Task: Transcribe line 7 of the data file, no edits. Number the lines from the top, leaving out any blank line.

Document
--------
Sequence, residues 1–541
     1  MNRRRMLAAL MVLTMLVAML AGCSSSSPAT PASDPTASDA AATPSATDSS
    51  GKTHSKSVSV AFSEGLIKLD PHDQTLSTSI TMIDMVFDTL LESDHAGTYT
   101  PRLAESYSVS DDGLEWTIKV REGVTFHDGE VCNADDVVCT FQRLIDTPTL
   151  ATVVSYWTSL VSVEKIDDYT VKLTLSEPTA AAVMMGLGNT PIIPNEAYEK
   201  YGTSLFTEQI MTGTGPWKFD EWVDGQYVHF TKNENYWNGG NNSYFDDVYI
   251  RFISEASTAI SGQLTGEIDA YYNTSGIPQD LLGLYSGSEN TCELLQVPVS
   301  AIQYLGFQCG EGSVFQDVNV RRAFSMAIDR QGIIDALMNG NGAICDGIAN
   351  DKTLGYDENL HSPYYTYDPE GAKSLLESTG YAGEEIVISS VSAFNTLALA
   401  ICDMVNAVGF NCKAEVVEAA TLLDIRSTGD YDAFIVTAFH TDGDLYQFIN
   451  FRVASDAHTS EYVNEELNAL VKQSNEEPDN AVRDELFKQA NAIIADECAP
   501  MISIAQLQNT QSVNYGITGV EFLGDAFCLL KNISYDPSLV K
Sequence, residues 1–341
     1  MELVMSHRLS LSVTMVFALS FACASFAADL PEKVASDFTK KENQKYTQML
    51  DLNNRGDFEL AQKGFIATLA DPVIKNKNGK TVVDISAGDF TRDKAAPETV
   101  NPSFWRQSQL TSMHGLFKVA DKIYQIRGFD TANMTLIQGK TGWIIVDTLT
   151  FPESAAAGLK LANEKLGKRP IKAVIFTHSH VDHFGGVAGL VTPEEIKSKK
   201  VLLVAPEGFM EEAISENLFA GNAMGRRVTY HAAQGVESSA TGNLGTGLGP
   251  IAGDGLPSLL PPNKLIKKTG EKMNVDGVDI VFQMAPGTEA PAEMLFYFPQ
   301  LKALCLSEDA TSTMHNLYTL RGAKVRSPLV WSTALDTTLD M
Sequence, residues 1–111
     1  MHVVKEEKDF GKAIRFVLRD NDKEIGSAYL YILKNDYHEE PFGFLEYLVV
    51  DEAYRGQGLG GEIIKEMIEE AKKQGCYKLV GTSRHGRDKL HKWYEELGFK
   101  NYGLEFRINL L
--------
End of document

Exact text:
   251  RFISEASTAI SGQLTGEIDA YYNTSGIPQD LLGLYSGSEN TCELLQVPVS